Sunday, February 8, 2015

I have come to call not the righteous but sinners.

May my words be in the Name of the Holy & Undivided Trinity: + Father, Son, & Holy Spirit. Amen.

Imagine you were feeling ill and went to your doctor's office. Arriving, you find the door closed and locked; you ring the buzzer; a voice answers, asking what it is that you want. You explain that you're feeling quite poorly and would like to see the doctor. The response surprises you – the voice says sorry, but they really can't let any one who is sick in. Baffled, you buzz again, but they refuse to respond further, so you are forced to go home. 

A little time passes; not surprisingly you start to feel worse, much worse, so you decide that if your doctor won't see you, you'd better go the emergency room. So off to the hospital you go. At the reception desk, the nurse looks at you in complete horror. 'What are you doing here?' she cries. 'You're sick!' You try to explain that that is exactly why you are there, but she is having none of it. 'Out,' she cries. 

And when you refuse, begging for medical attention, she calls security. Two large, burly men come, and unceremoniously take you by the arms and escort you from the building, warning you of dire consequences if you should try to come back in. So there you are, standing outside in the cold, feeling worse than ever. You are sure at this point that there is something seriously wrong with you. You desperately need help. And you have no idea what to do, where to go.

If such a thing were to happen to you, you would be forgiven for thinking you were living in a novel by Franz Kafka, a writer famous for creating worlds whose protagonists are victims of mysterious and pointless persecution. After all, why would anyone in their right minds seek to deny a sick person access to medical treatment. Or, indeed, treat a hospital as some kind of fortress where those who are well take refuge from those who are sick. 

Yet this is what Jesus tells the scribes and the Pharisees that they are trying to do when they look down their noses at him for eating with 'tax collectors and sinners' and ask his disciples what he thinks he's up to. His response is damning, both for the critics of his day and for us: Those who are well have no need of a physician, but those who are sick; I have come to call not the righteous but sinners.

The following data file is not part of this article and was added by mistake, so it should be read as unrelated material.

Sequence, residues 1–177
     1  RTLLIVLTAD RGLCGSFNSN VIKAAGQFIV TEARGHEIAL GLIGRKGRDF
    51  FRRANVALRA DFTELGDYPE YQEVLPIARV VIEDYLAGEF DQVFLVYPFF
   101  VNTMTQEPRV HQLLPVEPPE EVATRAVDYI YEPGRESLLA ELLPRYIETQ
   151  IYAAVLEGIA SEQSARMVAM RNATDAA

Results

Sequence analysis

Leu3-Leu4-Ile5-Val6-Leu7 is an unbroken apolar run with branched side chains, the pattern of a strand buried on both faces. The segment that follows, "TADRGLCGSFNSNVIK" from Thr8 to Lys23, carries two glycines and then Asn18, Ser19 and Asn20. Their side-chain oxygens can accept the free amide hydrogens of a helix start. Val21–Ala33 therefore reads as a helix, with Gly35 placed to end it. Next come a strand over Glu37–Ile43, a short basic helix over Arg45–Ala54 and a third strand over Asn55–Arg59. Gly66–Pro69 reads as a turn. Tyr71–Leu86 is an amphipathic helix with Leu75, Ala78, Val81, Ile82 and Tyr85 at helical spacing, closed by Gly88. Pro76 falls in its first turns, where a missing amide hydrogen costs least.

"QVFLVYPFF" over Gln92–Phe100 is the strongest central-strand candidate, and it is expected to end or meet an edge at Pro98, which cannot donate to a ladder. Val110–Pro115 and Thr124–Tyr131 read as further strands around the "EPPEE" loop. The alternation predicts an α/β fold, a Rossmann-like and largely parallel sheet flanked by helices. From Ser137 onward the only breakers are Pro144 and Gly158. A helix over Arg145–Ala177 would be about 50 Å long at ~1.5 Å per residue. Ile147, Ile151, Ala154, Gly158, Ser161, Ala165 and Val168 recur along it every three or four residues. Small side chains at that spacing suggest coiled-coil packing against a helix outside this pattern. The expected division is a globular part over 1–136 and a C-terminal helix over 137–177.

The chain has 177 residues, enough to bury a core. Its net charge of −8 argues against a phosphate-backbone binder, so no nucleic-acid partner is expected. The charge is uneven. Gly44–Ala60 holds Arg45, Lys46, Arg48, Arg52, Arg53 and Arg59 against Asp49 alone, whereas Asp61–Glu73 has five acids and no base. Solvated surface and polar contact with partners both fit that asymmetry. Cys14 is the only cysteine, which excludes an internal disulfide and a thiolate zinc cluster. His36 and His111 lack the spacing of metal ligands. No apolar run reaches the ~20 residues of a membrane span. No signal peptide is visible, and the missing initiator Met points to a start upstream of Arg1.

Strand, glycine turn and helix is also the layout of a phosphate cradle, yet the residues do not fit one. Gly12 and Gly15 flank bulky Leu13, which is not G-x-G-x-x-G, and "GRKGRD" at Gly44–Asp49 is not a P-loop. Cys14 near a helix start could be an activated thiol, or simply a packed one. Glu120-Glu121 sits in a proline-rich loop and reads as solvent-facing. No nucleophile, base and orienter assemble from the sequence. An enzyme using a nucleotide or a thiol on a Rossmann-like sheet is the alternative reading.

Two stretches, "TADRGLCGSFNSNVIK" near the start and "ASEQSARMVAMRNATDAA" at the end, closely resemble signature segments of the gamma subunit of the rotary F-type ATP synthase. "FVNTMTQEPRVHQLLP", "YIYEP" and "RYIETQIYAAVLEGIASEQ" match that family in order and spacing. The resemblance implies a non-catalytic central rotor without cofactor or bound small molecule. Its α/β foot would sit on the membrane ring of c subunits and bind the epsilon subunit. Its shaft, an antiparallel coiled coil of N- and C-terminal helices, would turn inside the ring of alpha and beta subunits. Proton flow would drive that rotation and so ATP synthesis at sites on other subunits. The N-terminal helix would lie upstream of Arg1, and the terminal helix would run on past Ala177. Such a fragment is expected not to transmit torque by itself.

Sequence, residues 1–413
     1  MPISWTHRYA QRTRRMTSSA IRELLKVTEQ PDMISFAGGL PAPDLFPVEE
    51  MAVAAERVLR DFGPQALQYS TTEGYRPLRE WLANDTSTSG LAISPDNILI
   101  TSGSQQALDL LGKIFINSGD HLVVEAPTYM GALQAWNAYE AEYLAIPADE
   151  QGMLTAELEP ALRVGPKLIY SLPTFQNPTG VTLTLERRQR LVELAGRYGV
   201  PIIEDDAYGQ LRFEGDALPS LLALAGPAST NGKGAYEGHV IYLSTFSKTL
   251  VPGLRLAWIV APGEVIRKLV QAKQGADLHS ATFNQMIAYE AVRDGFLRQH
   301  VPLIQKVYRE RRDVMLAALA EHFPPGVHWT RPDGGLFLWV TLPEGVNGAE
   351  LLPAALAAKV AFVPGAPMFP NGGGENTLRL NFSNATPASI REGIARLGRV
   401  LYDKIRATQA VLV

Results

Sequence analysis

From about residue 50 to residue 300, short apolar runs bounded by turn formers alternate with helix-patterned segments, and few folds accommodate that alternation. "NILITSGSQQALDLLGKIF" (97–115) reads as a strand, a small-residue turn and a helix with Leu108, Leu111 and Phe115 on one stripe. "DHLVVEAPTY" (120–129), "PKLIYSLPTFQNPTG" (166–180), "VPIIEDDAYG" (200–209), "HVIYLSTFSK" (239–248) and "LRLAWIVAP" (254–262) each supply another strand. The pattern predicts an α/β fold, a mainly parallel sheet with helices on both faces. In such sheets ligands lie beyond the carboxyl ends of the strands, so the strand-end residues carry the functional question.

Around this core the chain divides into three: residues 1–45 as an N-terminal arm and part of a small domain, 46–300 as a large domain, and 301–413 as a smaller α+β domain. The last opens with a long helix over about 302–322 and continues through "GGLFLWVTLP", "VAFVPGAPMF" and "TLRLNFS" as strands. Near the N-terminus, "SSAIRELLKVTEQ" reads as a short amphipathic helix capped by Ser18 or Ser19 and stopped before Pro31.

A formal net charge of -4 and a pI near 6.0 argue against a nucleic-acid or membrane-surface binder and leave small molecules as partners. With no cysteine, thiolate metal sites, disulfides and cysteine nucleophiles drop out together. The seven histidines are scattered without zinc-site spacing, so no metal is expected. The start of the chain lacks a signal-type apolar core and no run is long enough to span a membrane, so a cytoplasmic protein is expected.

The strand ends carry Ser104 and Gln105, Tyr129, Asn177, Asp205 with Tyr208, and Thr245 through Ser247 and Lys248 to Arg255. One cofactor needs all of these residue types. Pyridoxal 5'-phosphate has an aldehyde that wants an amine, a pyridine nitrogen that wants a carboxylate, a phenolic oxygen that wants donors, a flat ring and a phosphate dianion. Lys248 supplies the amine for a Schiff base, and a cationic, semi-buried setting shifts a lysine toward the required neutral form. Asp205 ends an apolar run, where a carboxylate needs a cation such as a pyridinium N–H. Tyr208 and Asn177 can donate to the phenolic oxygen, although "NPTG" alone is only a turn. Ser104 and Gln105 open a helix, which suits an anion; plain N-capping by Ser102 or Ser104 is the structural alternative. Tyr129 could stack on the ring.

It is not for anyone, not for the scribes and the Pharisees, not for us, to try and keep anyone else away from Jesus, saying they are not good enough. The doors of his Church must be open to all; and we must never stand as door-keepers and try to keep others out – not literally, by standing in the doorway and telling them may not enter; or more subtly, by treating them in such a way that they know that they are not welcome.

But let us also not lose sight of the reason behind our Lord's radical inclusivity. It was not to celebrate the sins of these people, or to tell them that their behaviour was not sinful. Jesus was quite clear as to the reality of sin and the danger of it for each and every human being. In Mark 7 for example he gives a list of sins: fornication, theft, murder, adultery, avarice, wickedness, deceit, licentiousness, envy, slander, pride, folly. And he does not list them to praise them but to condemn them – he calls them evil and says that they defile us. 

They are the disease and he is the physician; and he can not treat the disease and cure the illness if he has no access to the patient. Sin is a sickness of the soul; and the Word was made flesh so that sinners might be healed. Christ is the physician, his Gospel and his sacraments are the medicine, and his Church is the hospital in which sinners may be healed.


And, importantly, please note that when he tells the scribes and Pharisees that he hasn't come to call the righteous but sinners, that is not the same as telling them that they are righteous. In fact, Jesus calls them hypocrites often enough elsewhere in Scripture that we can be quite certain that he doesn’t consider them righteous. But then again, that shouldn't surprise us, for scripture also tells us that all are sinners and all have fallen short. When Christ says he has comes to call sinners, he means everyone: the scribes, the Pharisees, the tax-collectors, all those sitting around the table eating with him whom everyone knew were sinners … and every single one of us. 

I began with a nightmare scenario, of a sick person being denied access to medical care. There is a sadder truth to that scenario; for those who stand inside the hospital, thinking they are well and seeking to keep the sick out are deluding themselves; they are in fact also sick; and by their actions they are barring the door not to the unwell but to the physician who wishes to cure them. For we are all sinners, we have all fallen short; but Christ is the Physician and he is ready to heal us all. I pray that all will stand before him and say the words he himself spoke in scripture: Lord have mercy on me, a sinner. Amen

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